GEN Exclusives

More »

GEN News Highlights

More »
Mar 24, 2014

Tesaro to Use Myriad's HRD Test in Companion Dx Collab

  • Tesaro has made a deal with Myriad Genetics to use Myriad's homologous recombination deficiency (HRD) test to look for tumor types that may respond to its poly-ADP ribose polymerase (PARP) inhibitor, niraparib. Myriad's HRD test, according to the firm, can detect when a tumor can no longer repair double-stranded DNA breaks, making them more susceptible to drugs that damage DNA. 

    "Prior studies have shown that only a subset of patients will respond to PARP inhibitors," said Myriad CSO Jerry Lanchbury, Ph.D., in a statement. "We believe using the HRD test may capture an enhanced number of responders to treatment with the exciting new class of PARP inhibitors."

    Myriad says this agreement with Tesaro is its fifth collaboration with a major pharmaceutical company to evaluate HRD. The company inked a similar deal with BioMarin back in November to use the HRD test to identify tumor types that may be sensitive to BioMarin's PARP inhibitor BMN-673. Also, a year ago, it made an agreement with PharmaMar to conduct HRD testing on patients enrolled in PharmaMar's Phase II study of PM1183, a drug candidate designed to induce double-stranded DNA breaks.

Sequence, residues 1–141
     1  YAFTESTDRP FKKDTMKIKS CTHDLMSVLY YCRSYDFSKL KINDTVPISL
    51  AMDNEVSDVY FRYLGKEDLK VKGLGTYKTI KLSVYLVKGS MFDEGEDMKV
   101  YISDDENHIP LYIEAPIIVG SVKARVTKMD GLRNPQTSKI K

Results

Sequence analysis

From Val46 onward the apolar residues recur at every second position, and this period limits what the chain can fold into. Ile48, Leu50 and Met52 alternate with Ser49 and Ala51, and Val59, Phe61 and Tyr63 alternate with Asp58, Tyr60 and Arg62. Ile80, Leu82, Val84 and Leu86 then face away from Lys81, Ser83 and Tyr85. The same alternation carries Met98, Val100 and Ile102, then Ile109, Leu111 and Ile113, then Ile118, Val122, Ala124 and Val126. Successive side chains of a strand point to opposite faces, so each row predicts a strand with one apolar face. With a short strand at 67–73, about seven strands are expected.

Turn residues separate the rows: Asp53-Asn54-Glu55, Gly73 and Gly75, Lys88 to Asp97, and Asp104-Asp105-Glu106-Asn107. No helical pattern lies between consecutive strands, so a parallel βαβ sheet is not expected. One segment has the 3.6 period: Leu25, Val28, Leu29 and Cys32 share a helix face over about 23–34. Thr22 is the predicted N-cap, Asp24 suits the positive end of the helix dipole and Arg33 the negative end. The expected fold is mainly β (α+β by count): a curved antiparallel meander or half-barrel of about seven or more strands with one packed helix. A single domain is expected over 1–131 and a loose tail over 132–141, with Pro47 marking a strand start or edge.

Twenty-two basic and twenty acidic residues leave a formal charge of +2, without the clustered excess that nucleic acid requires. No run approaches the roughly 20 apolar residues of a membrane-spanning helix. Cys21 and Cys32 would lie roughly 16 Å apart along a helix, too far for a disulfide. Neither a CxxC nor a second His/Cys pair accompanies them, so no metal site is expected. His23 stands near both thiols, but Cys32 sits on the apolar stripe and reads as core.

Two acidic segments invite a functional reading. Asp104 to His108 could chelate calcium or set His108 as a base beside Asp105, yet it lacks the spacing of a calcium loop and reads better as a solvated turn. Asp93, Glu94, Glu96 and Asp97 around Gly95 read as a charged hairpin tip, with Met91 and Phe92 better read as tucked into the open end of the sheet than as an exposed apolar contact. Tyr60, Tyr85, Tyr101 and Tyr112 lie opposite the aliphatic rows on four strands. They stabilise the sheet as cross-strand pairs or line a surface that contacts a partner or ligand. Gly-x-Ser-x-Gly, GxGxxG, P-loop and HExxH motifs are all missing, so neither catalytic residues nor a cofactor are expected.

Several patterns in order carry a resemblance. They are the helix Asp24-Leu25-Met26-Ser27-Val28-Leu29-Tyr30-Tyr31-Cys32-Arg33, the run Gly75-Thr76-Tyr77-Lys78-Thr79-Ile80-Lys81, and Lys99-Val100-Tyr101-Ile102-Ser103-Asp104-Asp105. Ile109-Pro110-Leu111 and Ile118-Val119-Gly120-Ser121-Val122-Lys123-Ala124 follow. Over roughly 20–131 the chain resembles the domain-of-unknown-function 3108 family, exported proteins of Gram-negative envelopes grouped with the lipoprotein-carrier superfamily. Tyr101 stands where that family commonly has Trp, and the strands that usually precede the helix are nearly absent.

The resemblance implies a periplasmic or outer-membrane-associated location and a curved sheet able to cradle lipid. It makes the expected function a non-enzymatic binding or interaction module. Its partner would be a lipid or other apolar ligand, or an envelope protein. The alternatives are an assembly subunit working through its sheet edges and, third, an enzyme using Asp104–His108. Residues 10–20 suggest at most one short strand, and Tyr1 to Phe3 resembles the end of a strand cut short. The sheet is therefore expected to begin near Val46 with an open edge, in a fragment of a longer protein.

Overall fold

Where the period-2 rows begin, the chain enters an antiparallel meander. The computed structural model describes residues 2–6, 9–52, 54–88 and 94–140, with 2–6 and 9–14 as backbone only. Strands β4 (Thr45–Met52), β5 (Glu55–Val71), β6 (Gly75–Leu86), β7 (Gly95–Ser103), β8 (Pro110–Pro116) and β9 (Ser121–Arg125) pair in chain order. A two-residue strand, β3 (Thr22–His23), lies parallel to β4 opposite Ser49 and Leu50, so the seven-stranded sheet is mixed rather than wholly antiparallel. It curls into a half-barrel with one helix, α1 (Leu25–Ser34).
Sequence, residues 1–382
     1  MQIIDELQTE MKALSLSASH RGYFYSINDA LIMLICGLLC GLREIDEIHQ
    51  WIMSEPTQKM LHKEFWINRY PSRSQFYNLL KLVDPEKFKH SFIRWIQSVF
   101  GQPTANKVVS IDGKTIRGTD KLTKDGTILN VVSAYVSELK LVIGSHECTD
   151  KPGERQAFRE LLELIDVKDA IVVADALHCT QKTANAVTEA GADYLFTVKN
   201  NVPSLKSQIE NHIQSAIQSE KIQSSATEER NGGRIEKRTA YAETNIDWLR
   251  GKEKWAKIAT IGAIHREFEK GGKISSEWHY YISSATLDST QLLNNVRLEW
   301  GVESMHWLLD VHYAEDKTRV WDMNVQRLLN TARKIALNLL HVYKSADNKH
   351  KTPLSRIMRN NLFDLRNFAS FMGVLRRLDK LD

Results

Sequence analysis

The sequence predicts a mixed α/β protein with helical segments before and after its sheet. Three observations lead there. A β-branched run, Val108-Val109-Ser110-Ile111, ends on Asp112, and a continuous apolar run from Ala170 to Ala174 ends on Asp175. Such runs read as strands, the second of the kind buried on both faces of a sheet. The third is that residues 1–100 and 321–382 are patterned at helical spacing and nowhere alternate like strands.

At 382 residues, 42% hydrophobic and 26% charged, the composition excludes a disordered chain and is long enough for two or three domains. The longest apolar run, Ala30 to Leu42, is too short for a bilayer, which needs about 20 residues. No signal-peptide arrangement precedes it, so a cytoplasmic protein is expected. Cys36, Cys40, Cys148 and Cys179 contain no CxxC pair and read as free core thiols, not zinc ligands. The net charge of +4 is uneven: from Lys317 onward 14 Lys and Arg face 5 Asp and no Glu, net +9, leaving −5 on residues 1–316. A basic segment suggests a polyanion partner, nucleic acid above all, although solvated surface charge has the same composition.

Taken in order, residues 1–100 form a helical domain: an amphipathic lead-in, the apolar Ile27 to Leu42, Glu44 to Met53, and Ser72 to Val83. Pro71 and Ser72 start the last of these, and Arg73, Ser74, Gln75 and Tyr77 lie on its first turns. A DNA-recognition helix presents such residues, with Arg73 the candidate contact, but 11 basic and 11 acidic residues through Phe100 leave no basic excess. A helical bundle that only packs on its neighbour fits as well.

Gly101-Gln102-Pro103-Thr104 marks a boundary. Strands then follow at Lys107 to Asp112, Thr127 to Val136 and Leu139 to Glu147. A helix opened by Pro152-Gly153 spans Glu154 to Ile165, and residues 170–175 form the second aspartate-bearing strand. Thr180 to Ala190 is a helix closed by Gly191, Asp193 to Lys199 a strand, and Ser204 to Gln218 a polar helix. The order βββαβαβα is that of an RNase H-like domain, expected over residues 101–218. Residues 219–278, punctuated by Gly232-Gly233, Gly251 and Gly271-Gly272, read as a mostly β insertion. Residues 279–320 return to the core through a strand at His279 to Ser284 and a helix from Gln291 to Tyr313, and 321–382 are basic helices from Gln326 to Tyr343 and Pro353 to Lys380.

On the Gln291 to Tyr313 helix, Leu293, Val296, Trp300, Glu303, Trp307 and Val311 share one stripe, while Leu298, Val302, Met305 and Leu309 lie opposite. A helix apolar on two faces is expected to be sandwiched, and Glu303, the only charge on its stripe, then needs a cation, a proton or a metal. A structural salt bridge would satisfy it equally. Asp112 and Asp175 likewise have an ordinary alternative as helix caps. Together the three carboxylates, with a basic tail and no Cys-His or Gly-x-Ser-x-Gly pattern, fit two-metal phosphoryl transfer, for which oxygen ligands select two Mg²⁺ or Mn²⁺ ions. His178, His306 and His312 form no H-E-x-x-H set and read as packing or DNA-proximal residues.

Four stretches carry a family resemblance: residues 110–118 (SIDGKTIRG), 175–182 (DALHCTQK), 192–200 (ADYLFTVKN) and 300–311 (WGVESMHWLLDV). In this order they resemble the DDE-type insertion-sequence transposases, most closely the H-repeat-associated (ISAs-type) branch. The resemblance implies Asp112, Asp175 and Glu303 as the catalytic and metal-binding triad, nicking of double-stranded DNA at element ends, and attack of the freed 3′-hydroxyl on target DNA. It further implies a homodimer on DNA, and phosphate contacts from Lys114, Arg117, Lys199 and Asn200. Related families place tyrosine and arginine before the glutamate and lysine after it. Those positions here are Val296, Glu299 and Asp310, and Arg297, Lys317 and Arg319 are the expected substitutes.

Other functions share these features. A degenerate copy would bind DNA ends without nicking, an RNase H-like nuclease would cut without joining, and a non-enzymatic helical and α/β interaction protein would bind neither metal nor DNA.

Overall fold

Niraparib, which is right now in Phase III clinical development, was also the subject of a deal between Myriad and Tesaro in June 2013, when Myriad agreed to to conduct BRCA1 and BRCA2 mutation testing using its BRACAnalysis® test to identify patients for two separate Phase III clinical studies evaluating the PARP inhibitor. 



Related content

Jobs

GEN Jobs powered by HireLifeScience.com connects you directly to employers in pharma, biotech, and the life sciences. View 40 to 50 fresh job postings daily or search for employment opportunities including those in R&D, clinical research, QA/QC, biomanufacturing, and regulatory affairs.
 Searching...
More »

GEN Poll

More » Poll Results »

Companion Animal Care

Do you think Americans spend too much on companion animal care?